The Steelers hired Richard Mann, who grew up in Aliquippa, in 2013. Since then, Antonio Brown has blossomed as a receiver and shattered Hines Ward’s single-season records in yards and receptions. Mann has helped Brown grow into one of the best receivers in the league while also continually developing young talent to keep the Steelers receiving corps as one of the deepest units in the league. Even last season, when Martavis Bryant was suspended and Markus Wheaton was injured, guys like Cobi Hamilton and Demarcus Ayers were able to step in and make timely plays. That speaks to Mann’s teaching ability and his work up and down the depth chart.
4. John Mitchell
Defensive Line/Assistant Head Coach (1994-present)
Mitchell has been an institution on the Steelers sideline. During his time as defensive line coach, players like Casey Hampton, Aaron Smith, and Brett Keisel have blossomed into dominant forces. While the Steelers 3-4 scheme does not provide many opportunities for defensive linemen to make plays, their role is essential to the rest of the defense being able to function. Mitchell has also overseen the Steelers recent reniassance in quality defensive linemen with Cam Heyward, Stephon Tuitt, and Javon Hargrave.
3. Todd Haley
Offensive Coordinator (2012-present)
Haley’s arrival did not immediately produce a dramatic shift in the offense, but over time his units have proven more effective than his predecessors. Tomlin’s 10-year tenure has featured two offensive coordinators, each for 5 seasons. In that span, Haley’s offenses out-performed Arians’ by 2.1 points per game and 24 yards per game. Additionally, one of the reasons the Steelers made the change was to help protect Ben Roethlisberger. Under Arians, Ben averaged 43 sacks per season (about 2.9 per game). Under Haley that number dropped significantly to 28 per season and an average of 2 per game. The passing game has also improved with Ben averaging 4047 yards and 27 TDs per season, up from 3612 yards and 23 TDs per year under Arians.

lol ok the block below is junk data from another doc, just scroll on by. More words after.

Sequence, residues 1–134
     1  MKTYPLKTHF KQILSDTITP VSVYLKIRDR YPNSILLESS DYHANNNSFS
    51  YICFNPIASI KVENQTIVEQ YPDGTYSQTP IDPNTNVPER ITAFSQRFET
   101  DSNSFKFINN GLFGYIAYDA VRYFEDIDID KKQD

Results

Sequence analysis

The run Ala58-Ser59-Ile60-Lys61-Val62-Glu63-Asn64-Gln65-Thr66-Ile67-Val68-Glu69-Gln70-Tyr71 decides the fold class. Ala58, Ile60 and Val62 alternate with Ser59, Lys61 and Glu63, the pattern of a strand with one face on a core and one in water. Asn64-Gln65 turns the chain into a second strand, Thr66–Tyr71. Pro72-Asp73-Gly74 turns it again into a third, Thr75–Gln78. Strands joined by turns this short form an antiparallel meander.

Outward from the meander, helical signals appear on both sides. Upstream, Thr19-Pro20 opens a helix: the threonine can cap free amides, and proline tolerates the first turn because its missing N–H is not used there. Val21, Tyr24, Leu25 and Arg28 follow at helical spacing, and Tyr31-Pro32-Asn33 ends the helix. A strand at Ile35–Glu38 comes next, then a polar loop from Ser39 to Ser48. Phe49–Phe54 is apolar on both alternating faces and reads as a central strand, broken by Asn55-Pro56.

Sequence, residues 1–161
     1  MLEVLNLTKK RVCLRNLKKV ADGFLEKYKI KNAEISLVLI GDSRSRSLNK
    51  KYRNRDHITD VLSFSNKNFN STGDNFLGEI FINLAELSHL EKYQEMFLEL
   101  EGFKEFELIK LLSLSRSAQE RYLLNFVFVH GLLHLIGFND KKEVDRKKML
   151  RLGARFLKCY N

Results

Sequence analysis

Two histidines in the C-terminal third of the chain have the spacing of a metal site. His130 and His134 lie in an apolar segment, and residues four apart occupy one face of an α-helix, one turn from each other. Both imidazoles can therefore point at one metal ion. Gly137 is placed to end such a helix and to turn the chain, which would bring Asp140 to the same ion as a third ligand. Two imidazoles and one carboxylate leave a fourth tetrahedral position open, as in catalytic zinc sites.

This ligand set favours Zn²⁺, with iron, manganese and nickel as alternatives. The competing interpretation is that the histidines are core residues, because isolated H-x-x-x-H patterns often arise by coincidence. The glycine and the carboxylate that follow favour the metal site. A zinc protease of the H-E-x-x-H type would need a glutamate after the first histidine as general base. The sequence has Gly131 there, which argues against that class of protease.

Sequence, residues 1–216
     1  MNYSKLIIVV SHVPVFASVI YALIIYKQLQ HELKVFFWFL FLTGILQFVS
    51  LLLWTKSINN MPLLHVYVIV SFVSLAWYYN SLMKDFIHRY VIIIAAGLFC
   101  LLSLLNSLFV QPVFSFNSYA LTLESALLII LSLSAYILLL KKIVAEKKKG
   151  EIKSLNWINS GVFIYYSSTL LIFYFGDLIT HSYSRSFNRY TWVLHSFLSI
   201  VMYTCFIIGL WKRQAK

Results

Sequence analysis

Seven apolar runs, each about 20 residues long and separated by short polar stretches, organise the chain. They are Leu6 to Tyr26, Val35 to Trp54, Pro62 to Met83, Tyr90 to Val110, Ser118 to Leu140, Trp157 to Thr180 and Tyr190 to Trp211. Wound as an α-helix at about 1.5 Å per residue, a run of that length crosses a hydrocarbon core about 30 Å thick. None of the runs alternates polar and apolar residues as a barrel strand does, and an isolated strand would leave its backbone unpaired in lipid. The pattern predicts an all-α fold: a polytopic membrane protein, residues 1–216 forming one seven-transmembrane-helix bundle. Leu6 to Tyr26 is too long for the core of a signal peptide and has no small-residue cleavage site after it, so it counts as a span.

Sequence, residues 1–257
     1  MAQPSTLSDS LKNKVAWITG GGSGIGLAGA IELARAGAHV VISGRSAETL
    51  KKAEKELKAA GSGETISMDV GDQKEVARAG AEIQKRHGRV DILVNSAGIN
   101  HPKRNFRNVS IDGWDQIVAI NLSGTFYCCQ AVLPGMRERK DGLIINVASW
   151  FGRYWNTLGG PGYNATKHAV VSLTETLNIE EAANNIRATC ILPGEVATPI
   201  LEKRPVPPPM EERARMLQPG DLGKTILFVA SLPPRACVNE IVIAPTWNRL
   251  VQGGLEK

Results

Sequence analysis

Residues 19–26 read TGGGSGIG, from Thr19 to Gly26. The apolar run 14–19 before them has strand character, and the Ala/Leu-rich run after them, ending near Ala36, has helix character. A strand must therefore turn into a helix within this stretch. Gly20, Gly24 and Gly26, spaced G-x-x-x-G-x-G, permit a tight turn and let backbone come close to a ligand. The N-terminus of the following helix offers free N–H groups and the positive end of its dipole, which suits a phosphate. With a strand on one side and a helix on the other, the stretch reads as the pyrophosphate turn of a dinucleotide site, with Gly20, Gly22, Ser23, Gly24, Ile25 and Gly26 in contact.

2. Mike Munchak
Offensive Line (2014-present)
Part of the success Todd Haley had in reducing Ben’s sack numbers was in the play-calling. But another huge part of the Steelers transformation as an offense was the play of the offensive line. The group had been largely ignored during the beginning of Tomlin’s tenure. That changed in 2010 when the Steelers started using high draft picks on offensive linemen. With the selections of Maurkice Pouncey, Marcus Gilbert, David DeCastro, and Mike Adams in the first and second rounds of their drafts as well as the blossoming of late-round pick Kelvin Beachum and undrafted free agent Ramon Foster, the Steelers line dramatically improved under Munchak. The Steelers now have one of the best lines in the league, not just in pass protection but also in the run game as they have sprung Le’Veon Bell to record-breaking outings.
1. Dick LeBeau
Defensive Coordinator (2004-2014)
LeBeau’s tenure in Pittsburgh featured two Super Bowl titles and three AFC Championships. His defenses finished #1 in the league in total defense 5 times and #1 in scoring defense 4 times. From 2004-2011 the Steelers defense never finished outside the Top 10 in the league in total defense and finished outside the Top 5 only once. The defense slipped over the last two years of LeBeau’s tenure as some of the veteran stalwarts began to age and decrease in effectiveness. Nevertheless, that does not diminish his accomplishments as an assistant coach and coordinator that led one of the best units in the league during Tomlin’s tenure. In Tomlin’s first six years as head coach, LeBeau’s defenses were the best in the league in total defense 4 times, second once, and fifth once. In scoring defense they were first in the league three times and second once during that time span. “Coach Dad” was an incredible asset to the team and was a key contributor to the Steelers two AFC titles and one Super Bowl victory during Tomlin’s reign.